Taiwan’s 270,000 people with symptoms of dementia are fool, aren’t they? Concepts need to be reversed
Taiwan’s 270,000 people with symptoms of dementia are fool, aren’t they?  Concepts need to be reversed

▲ Dr. Tsuann Kuo, President of Taiwan Association of Family Caregivers (TAFC), wants to challenge public perceptions of dementia. (CNEWS information photo / photo reporter Hu Chao-hsin)

CNEWS reporter Chen Yu-kai / Taipei report

How many people are diagnosed with dementia in Taiwan? According to statistics released 10 years ago, it is estimated that the number of people living with dementia in civil society has already reached more than 270,000, a number growing at an annual rate of 10,000. It is an issue that Taiwanese society has to face though. Most people are not aware of their condition, and the old concept of “fool or idiot” in people with dementia has delayed the opportunity of early detection.

Speaking on this topic, Yea-Ing Lotus Shyu, professor of the School of Nursing at Chang Gung University, said that the Ministry of Health and Welfare has been investigating this prevalence rate in 2011 by Taiwan Alzheimer’s Disease Association. The current status of dementia nationwide hasn’t been investigated thoroughly, however, as it requires follow-ups on dementia on the long-term. As a result, this situation has affected policy planning for the next 10 to 20 years, making it impossible to achieve.

Among other highlights, domestic surveys show that more than 80 percent of people with mild, moderate, and severe dementia symptoms tend to reduce the frequency of their frequencies of going out after diagnosis. On the one hand, they are afraid of the outside world and worried of being labeled [as insane]; on the other hand, families are afraid of their relatives being diagnosed with dementia and would force them to stay at home, leading to a faster deterioration of their cognitive functions.

To overcome this phenomenon, LiYu Tang, secretary-general of the Taiwan Alzheimer’s Disease Association and full member of the World Dementia Council, said that a better understanding of dementia, among the general public and the health professionals, is the first step. The notion of mental illness still implies the idea of being stupid or silly. Someone with a bad memory and a normal appearance can be sick too. When a patient has mild or extremely mild illness with memory impairment, he or she doesn’t think that this could be a sign of dementia.

LiYu Tang said that people with mild and very mild dementia can continue to be active in the community as long as they actively participate. Regretfully, the association has been lobbying the Ministry of Education for the need of dementia education into the primary school curriculum for many years, but to no avail. Starting from elementary school, the NGO has been advocating for letting children understanding the concept of dementia. In addition, President Tsai Ing-wen announced in August last year that everybody should learn about dementia, and the Ministry of Education should respond positively.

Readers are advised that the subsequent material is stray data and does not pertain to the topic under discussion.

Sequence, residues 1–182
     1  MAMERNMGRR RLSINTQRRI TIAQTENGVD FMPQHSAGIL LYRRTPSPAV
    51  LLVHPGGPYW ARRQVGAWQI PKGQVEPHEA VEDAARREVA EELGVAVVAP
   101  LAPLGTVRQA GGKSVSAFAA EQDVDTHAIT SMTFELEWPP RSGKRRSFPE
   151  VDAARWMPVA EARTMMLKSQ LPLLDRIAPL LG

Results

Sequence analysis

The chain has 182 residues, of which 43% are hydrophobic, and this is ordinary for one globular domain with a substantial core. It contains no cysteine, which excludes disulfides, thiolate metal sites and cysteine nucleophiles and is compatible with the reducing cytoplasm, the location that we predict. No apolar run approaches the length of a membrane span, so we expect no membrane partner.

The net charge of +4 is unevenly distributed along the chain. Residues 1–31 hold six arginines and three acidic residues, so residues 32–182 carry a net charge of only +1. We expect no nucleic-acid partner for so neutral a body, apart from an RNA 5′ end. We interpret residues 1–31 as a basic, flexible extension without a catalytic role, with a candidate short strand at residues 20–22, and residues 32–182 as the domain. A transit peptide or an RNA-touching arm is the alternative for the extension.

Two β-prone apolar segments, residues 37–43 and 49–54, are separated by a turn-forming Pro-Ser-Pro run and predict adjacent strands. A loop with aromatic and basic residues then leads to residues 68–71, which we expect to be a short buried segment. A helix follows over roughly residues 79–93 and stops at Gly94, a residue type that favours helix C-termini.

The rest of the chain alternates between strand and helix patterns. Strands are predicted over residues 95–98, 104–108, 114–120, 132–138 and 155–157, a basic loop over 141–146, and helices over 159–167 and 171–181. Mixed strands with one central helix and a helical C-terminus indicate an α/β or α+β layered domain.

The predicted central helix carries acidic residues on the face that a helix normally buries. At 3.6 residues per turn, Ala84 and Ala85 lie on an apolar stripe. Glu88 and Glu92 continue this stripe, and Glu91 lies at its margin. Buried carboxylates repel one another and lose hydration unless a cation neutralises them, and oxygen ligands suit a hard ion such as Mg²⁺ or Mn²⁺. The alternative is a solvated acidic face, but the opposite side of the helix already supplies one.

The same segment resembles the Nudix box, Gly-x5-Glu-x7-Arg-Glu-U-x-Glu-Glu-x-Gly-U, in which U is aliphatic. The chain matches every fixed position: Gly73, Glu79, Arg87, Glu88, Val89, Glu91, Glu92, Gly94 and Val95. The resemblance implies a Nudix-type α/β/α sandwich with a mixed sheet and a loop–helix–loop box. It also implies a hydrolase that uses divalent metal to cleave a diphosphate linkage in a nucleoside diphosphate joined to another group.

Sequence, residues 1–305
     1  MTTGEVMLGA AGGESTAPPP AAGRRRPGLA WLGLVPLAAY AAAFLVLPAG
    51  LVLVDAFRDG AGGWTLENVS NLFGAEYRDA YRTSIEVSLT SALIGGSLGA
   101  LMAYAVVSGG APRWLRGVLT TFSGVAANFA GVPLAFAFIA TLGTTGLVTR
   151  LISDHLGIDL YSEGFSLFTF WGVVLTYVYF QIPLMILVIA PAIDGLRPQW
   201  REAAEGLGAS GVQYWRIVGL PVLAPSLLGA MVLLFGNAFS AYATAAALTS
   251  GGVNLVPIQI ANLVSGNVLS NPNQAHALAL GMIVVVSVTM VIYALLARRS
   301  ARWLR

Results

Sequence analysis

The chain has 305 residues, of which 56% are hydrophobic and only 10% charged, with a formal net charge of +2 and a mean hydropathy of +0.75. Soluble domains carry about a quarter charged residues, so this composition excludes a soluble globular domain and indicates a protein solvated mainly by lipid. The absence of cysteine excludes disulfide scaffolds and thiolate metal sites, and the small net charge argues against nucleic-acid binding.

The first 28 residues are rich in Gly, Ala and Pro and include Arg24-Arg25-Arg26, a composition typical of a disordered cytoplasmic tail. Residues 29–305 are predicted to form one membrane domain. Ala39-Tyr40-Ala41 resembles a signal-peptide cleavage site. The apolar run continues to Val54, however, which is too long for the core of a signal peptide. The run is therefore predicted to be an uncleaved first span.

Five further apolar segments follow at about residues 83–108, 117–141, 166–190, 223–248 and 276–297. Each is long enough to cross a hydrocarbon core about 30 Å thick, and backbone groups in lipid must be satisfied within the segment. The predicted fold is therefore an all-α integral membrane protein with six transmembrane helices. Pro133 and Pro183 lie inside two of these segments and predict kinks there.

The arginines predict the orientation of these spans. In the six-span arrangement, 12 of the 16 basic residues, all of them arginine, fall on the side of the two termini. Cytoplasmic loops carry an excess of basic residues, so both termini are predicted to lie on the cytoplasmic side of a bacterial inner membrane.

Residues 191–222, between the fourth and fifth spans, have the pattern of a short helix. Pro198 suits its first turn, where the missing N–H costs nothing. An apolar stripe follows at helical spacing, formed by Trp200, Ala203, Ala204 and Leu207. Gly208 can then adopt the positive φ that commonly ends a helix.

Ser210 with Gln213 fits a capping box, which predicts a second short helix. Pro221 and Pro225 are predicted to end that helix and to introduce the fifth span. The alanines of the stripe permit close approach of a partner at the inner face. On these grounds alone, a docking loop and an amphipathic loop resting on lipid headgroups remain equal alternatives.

Still, Taiwanese cultural habits of assisting elderly people may be a missed opportunity to identify those suspected of dementia, and mistakenly believe that the “Old Fanlian” is a normal aging phenomenon. To Dr. Tsuann Kuo, President of Taiwan Association of Family Caregivers and Assistant Professor of the Department of Medical Social and Social Work at Chung Shan Medical University, this is one of the myths that Dr. Tsuann Kuo, that need to be overcome.

Dr. Tsuann Kuo stressed that at present, 20 percent of Taiwanese family caregivers are caring for their families with dementia. According to the American experience, this number will double from 20 to 40 percent in 15 years. The biggest impact, especially the younger type of dementia, is more and more common. In recent months, she has assisted three young adults who are still in college but have to take care of their single parents diagnosed with dementia.

Dr. Tsuann Kuo stressed that the public must no longer regard the family of people with dementia with a “disgrace” on their face, nor should they attribute the symptoms exhibited by the patients to “disobedience” because they are sick. Nobody can escape dementia and the entire Taiwanese society should adapt and people should learn to help each other.

Take School of Wisdom as an example. LiYu Tang said that this is a cognitive promotion service. Through continuous participation activities, it helps to activate the functions of people with mild and very mild dementia. In the Taiwan Dementia Plan 2.0, more than 200 Support Centers for People with Dementia and their Families(SPDF) have been established. A community service base with cognitive promotion activities is the most active in Taiwan compared to other countries. In the future, it will continue to expand and improve service quality.


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Photo source: CNEWS file photo / photo reporter Hu Chao-hsin

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